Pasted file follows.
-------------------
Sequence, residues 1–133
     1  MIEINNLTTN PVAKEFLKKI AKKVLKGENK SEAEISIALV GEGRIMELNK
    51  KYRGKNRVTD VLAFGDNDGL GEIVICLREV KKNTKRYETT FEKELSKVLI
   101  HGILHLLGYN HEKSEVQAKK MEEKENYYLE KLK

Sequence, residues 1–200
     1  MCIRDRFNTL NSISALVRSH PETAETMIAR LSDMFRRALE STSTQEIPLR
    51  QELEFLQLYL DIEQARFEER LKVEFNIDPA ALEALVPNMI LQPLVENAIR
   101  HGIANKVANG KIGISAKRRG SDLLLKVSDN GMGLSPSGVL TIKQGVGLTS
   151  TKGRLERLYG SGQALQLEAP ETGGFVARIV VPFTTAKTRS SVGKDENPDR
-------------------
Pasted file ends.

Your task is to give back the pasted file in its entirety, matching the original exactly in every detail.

Sequence, residues 1–133
     1  MIEINNLTTN PVAKEFLKKI AKKVLKGENK SEAEISIALV GEGRIMELNK
    51  KYRGKNRVTD VLAFGDNDGL GEIVICLREV KKNTKRYETT FEKELSKVLI
   101  HGILHLLGYN HEKSEVQAKK MEEKENYYLE KLK

Sequence, residues 1–200
     1  MCIRDRFNTL NSISALVRSH PETAETMIAR LSDMFRRALE STSTQEIPLR
    51  QELEFLQLYL DIEQARFEER LKVEFNIDPA ALEALVPNMI LQPLVENAIR
   101  HGIANKVANG KIGISAKRRG SDLLLKVSDN GMGLSPSGVL TIKQGVGLTS
   151  TKGRLERLYG SGQALQLEAP ETGGFVARIV VPFTTAKTRS SVGKDENPDR